FIG. 7 is a perspective view illustrating the operation of the distributing means.

FIG. 1 diagrammatically shows, in plan view, the main components of a conventional prior art machine for bottle control. Bottles are supplied to a conventional conveyor in conventional manner. Bottles 2 are moved and transported away by conveyor 1 after checking at a control station 3. The arrow indicates the direction of motion of bottles. Station 3 includes, in the illustrated example, several fixed testing units 31 (two of which only are shown on the drawings), and cooperates with and controls an automatic rejection means 32. Testing units 31 may be of variable number, fixed or moveable, linearly and/or angularly. A conventional screw device 4 is utilized to redistribute bottles 2 for operation by station 3. Screw 4 has a tendency to accelerate or slow down the bottle with respect to the conveyor on which it is placed, so as to separate each bottle from the preceding or following one. Bottles 2 are arranged adjacent at the inlet on screw 4, with which cooperates a presser unit 7. Presser unit 7 includes plate 71 mounted at two ends of two springs 72, the other two ends of which are secured to a fixed body 73. Bottles are separated and distributed by screw 4 one by one on the conveyor and are picked up at the screw outlet by the belt pair 51, 52 rolling on pulleys. Belts 51, 52 transport the bottles to testing units 31 where they are stopped by forks 6 during the time required for testing.

The machine illustrated in FIG. 1 is entirely conventional. For the sake of simplicity, only the upper part of the endless conveyor 1 has been shown and the driving means therefor have not been illustrated. They may consist of a motor, preferably of the variable speed type. The conveyor has horizontal shafts at least one of which is coupled to the motor shaft. Means may be provided to regulate the tension of the conveyor.

As noted above, screw 4 tends to adversely affect the stability of bottles 2. Due to the very operating principle of a screw, bottles 2 are engaged by the screw device 4 at two points located along a line which is slanting with respect to the direction of forward motion, thus generating a torque on the bottle adversely affecting its stability.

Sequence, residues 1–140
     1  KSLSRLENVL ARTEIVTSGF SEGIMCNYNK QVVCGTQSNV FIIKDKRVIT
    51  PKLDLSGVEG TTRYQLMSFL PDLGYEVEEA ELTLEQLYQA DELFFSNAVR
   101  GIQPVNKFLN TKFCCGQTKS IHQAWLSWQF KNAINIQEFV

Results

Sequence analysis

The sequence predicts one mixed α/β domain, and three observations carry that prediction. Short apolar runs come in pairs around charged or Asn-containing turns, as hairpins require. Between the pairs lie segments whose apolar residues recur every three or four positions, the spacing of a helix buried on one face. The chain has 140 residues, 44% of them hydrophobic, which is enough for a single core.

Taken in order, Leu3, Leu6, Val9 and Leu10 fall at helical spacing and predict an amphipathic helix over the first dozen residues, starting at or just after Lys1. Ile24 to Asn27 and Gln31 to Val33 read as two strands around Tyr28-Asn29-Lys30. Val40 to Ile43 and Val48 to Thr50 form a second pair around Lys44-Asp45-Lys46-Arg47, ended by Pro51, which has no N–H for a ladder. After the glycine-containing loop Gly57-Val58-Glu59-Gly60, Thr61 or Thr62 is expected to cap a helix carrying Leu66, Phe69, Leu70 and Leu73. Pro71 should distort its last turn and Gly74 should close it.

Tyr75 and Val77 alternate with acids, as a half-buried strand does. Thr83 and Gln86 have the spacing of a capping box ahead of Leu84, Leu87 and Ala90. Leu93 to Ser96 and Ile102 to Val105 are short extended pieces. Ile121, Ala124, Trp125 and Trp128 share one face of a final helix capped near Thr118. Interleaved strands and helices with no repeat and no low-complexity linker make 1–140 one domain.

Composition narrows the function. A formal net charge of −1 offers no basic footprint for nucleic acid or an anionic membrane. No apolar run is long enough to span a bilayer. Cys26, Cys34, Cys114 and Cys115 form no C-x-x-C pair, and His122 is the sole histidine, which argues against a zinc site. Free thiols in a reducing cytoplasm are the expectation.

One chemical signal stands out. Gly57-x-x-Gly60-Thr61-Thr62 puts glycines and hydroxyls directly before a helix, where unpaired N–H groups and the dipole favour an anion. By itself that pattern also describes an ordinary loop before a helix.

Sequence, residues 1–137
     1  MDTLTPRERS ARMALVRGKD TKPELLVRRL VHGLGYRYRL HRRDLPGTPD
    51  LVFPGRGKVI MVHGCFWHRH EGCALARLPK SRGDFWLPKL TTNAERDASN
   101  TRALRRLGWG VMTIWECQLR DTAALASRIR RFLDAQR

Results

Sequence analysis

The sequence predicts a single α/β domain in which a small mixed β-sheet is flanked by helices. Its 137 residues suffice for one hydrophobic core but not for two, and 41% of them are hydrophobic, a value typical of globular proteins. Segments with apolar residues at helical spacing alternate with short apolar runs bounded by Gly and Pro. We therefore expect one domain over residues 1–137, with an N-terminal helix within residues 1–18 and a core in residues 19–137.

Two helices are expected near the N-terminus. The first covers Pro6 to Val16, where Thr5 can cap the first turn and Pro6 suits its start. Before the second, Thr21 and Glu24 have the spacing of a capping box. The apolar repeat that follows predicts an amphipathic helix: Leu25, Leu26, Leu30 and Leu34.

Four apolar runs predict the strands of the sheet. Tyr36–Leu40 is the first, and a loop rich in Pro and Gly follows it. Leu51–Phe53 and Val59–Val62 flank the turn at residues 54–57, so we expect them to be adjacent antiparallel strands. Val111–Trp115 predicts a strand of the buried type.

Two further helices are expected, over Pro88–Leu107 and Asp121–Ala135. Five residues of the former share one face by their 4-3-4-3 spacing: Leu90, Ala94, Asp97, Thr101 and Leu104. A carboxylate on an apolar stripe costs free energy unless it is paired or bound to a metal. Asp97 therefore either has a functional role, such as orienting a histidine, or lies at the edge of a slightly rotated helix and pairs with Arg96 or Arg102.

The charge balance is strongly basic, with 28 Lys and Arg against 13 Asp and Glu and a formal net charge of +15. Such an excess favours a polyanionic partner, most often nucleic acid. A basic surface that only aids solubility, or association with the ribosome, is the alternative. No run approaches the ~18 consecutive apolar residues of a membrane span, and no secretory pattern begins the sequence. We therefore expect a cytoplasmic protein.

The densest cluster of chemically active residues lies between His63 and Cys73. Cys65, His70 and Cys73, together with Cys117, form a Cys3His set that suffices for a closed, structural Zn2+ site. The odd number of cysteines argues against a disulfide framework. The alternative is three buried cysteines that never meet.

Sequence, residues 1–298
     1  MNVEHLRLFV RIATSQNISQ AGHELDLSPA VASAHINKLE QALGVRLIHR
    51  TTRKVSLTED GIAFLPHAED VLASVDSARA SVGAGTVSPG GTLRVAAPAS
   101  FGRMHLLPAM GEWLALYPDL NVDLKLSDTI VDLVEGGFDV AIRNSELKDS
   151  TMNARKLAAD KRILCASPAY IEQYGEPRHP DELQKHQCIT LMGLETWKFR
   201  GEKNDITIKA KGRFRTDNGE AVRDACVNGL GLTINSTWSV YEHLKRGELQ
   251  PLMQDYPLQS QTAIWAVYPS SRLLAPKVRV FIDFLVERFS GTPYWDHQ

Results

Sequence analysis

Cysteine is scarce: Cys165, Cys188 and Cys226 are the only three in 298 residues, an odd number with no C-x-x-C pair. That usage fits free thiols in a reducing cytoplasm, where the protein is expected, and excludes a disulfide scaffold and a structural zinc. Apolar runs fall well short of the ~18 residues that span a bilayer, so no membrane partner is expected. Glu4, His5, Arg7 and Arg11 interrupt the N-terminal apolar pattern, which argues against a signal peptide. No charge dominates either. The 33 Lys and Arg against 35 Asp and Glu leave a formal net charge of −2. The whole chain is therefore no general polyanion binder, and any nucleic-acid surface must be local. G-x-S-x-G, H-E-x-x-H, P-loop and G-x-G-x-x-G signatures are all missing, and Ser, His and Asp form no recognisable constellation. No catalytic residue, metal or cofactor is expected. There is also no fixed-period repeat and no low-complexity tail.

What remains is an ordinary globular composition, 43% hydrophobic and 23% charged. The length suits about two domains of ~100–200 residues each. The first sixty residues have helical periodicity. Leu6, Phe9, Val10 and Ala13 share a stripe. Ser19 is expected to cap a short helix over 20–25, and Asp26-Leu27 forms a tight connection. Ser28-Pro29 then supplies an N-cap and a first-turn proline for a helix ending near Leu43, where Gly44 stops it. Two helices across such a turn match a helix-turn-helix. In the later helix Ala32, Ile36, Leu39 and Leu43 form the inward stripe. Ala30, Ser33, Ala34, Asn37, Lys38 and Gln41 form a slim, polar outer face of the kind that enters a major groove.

The torque has particularly serious effects on irregularly shaped objects which do not possess a cylindrical portion at the place where they are engaged by the screw. An example of such objects is big-bellied bottles. The points of engagement of a big-bellied bottle with the screw necessarily correspond to the bottle portion having maximum diameter, requiring that the relative positions of the screw and the conveyor be accurately adjusted. When the point of engagement with the big-bellied portion lies at a certain height on the conveyor, the torque on the bottle from the screw tends to upset the bottle.

The present invention provides a device for redistributing objects on a conveyor without subjecting them to a torque. FIG. 2 shows a conveyor system, modified in accordance with the present invention. As in the system shown in FIG. 1, the modified system of FIG. 2 includes conveyor 1 on which bottles 2 are loaded, control station 3, belts 51,52, forks 6 and presser unit 7. However, in the modified machine, the screw 4 has been replaced in accordance with the invention, by a distributing device comprising one or more continuous belt members, such as roller-chains 8 (only one of them has been shown, seen from above, two identical roller-chains being in fact provided in the presently disclosed example). The roller-chains are driven about vertical axes by vertical drive shafts 10 and 11 (shown in FIG. 5) and are provided with a plurality of regularly distributed projecting parts or fingers 9 which have a symmetrical profile. Fingers 9 engage bottles 2 to vary the rate of the bottles motion in the direction of the arrow to thereby provide a predetermined separation between bottles, or groups of bottles, as will be explained.

Each finger 9 associated with a given roller-chain is both identical and symmetrical, such that the points of engagement of a bottle with the fingers are along lines parallel to the direction of motion, rather than at an angle, as is the case with a screw operating driving unit. Since all of the points of engagement are in a plane parallel to the direction of conveyor motion, no torque is produced on the bottles, thereby allowing for an increased redistribution rate. Such a device thus allows a better matching of the speed of distribution of the bottles with the flow rate capacity of the rest of the plant.

In accordance with another aspect of the invention, batch distribution may be provided for by removably mounting fingers 9 in roller-chains 8. For example, removal of every second finger 9 enables the device to carry out bottle distribution by pairs as shown in FIG. 3. Distribution by batches of two bottles is but an example; the batches may comprise more than two bottles, provided the proper number of successive fingers have been removed. Relative adjustment, at a given time, of the speed of motion of the belts 51,52 with respect to that of conveyor 1 can effect, if necessary, a division of the batch at any place along its path of motion.